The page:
Maria strides into the conference, her head held high and swinging her handbag as she gives a genuine smile to delegates congregating near the entrance. She’s a petite 1.57 metres tall, yet she commands a huge presence, garnering instant respect from men and women, many of whom haven’t even met her before.
As she starts to mingle, it’s obvious she’s self-assured and down-to-earth. Her friendliness towards everyone is genuine and her interest in what they are saying is sincere. She makes eye contact, she listens and she works the room, leaving everyone wanting to spend more time with her. We all know someone like Maria, who oozes confidence without being arrogant and who can get others to sit up and take notice of them without apparently even trying.
But we don’t have to look longingly as they strut off, leaving the rest of us in their shade. Experts say we can “borrow” their confidence without them even knowing. The old adage of “fake it till you make it” comes into its own and one day, not too long in the future, we’ll find that we’re no longer faking confidence. We can, apparently, train ourselves to be just as confident as Maria.
According to life coach Jayne Goldstone, confidence can mean many different things to different people, but it is basically a feeling, and underneath a lack of confidence is “plain old fear”. Her tip to people starting out in the quest for confidence is to listen to their inner voice – the way we talk to ourselves – and learn from what they hear.
“If you are lacking confidence, the last place you want to go is fear,” says Jayne, who is based in Northumberland, UK. “Fear is based on made-up stories. We tell ourselves what will go wrong if we take risks and apply for jobs, or go travelling alone, or ask someone out on a date, and we often end up not doing those things because of our fear. Yet if we do them, we get the most wonderful feeling and a tremendous boost to our confidence.”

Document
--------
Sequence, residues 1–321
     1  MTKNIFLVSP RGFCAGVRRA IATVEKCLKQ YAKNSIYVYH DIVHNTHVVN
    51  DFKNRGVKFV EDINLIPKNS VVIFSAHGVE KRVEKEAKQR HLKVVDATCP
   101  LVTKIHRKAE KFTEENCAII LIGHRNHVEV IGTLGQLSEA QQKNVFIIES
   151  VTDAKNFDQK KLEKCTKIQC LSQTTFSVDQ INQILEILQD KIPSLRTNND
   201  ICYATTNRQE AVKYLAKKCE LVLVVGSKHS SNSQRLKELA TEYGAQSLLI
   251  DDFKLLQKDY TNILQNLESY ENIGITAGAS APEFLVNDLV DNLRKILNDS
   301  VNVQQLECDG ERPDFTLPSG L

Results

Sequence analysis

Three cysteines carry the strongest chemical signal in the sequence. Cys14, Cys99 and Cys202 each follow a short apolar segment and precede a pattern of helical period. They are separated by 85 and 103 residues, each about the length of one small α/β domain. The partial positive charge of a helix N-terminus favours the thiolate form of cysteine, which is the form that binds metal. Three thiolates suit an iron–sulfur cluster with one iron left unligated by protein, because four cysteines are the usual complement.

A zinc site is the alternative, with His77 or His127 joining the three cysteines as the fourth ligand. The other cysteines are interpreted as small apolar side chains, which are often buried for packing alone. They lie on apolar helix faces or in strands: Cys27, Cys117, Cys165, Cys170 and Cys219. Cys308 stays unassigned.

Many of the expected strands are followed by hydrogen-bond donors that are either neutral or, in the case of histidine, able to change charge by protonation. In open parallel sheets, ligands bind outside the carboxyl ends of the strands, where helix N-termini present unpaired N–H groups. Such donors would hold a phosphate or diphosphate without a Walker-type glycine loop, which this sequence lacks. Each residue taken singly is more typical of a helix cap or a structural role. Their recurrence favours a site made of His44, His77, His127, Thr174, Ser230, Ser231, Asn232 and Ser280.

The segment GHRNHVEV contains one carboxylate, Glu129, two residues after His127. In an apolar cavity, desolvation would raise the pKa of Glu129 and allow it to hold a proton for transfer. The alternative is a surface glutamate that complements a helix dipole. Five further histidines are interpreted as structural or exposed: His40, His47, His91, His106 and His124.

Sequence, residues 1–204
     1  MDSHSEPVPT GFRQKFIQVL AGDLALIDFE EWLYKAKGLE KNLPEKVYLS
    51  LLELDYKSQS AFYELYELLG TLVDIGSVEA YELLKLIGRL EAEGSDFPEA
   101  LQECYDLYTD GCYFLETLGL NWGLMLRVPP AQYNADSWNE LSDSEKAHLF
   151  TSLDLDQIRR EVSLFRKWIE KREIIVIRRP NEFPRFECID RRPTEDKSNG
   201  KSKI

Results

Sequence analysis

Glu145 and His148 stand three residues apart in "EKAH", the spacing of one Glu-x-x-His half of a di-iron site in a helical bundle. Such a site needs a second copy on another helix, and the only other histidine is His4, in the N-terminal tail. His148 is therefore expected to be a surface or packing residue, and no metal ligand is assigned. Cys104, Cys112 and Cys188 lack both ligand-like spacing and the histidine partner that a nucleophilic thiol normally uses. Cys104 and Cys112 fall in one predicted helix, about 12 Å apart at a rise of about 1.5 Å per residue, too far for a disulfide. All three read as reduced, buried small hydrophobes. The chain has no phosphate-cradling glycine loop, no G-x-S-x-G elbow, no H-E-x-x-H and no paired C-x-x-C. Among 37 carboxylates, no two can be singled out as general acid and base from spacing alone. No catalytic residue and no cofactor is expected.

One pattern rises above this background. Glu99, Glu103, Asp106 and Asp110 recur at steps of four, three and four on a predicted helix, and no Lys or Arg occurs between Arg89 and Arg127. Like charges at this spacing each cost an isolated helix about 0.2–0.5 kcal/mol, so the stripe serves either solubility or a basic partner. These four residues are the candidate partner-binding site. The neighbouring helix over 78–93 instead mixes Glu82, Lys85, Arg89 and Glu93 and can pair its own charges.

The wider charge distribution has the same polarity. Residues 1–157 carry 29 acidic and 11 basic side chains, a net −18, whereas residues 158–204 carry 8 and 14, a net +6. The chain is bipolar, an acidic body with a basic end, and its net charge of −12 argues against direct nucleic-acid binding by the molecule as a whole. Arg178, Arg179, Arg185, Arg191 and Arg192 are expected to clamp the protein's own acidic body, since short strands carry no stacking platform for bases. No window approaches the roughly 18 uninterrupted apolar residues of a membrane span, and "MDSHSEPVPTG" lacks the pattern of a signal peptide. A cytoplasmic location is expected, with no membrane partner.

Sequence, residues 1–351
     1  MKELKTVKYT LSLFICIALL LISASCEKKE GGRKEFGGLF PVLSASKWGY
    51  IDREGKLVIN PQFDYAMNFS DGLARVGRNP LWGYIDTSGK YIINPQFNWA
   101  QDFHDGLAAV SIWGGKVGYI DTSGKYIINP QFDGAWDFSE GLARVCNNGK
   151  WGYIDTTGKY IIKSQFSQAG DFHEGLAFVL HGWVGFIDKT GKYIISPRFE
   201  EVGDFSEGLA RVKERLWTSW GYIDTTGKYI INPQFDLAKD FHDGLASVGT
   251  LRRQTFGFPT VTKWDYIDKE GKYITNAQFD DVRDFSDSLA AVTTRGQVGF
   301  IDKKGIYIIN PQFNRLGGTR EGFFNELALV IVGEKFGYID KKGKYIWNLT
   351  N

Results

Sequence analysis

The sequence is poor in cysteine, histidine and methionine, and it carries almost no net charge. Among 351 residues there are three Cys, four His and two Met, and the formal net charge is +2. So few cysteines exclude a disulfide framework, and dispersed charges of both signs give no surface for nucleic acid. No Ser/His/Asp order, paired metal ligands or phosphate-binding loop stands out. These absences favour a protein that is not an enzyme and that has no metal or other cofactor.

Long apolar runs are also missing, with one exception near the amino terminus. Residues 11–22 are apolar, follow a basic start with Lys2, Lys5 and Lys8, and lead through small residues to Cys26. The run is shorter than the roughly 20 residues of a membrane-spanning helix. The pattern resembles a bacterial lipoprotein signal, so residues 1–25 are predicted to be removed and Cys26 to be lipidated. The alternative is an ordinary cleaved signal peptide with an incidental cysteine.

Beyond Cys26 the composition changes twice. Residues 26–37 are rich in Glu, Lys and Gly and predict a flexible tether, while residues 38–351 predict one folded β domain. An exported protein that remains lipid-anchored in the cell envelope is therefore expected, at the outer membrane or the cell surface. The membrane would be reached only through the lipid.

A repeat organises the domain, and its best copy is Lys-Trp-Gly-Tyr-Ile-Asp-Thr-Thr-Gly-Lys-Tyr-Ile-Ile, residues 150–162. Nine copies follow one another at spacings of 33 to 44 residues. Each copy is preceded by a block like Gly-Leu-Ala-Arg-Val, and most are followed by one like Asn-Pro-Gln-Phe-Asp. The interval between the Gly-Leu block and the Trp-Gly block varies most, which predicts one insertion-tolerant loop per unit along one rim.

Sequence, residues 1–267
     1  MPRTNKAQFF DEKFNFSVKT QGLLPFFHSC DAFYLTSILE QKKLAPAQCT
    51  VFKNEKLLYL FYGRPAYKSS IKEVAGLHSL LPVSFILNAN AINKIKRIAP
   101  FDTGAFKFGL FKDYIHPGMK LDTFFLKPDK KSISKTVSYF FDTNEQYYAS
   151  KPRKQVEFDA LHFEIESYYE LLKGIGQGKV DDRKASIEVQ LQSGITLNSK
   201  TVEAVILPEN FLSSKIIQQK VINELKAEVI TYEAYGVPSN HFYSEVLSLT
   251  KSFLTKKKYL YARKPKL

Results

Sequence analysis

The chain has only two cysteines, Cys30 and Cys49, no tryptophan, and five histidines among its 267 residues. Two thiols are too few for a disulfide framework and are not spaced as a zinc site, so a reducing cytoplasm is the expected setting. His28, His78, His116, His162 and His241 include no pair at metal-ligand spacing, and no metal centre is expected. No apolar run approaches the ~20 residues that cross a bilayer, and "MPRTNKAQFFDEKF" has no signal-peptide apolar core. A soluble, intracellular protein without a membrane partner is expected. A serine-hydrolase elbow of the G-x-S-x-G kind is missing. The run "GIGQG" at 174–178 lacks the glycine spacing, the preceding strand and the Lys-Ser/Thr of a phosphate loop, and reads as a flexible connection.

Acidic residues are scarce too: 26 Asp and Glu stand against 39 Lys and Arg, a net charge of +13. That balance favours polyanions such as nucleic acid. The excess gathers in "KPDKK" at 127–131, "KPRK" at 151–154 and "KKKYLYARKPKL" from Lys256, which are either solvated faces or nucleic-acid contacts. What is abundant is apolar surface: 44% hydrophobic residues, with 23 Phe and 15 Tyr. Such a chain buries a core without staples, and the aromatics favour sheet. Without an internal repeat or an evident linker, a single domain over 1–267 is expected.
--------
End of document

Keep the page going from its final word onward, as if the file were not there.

Jayne says our lack of confidence may stem from things we’ve been told in the past, often as far back as in the school playground. The child who wasn’t picked for the school’s netball team grows up thinking she is no good at team games or she isn’t sporty enough to join a running club, and the boy who failed a primary school maths test is still steering clear of jobs that involve statistics 20 years on. He even avoids the household accounts because he was once told he didn’t have a head for figures.
“Because of what we were once told, we fear all sorts of things – success, change, being hurt, not being good enough and getting older, for example,” reveals Jayne. “But not everyone in our past has told us negative things. It’s important to remind ourselves of the good things people told us.” She recommends saying out loud all the good things about ourselves, or listing them as we look in a mirror.
We could pay ourselves a compliment every morning, or compile a list of ten great qualities about ourselves. She says we’ll soon start believing them if we do these exercises regularly. “The human mind is even more amazing than a computer,” she says, “yet we don’t tap into most of its potential and that leads to low self-esteem. It’s better to take risks, do something that we don’t find easy and give ourselves a challenge – what I call flexing the confidence muscle.
“When you push yourself to do something you’re afraid of, it’s the most awesome feeling in the world when you do it well. It gets easier every time you do it. When I did my first radio interview, I was terrified, yet after a few times I felt euphoric and I would think; “Bring it on!” “Public speaking is another example of something people say they aren’t confident enough to do, yet once they’ve given it a go, they enjoy it and it’s no longer such a big deal.
“If there’s a job you want to apply for that is a little out of your comfort zone, sharpen up your skills, apply and give it your best shot. Otherwise, you’ll always sit there thinking about what you would do if you had confidence. It can be a vicious circle unless you break it.”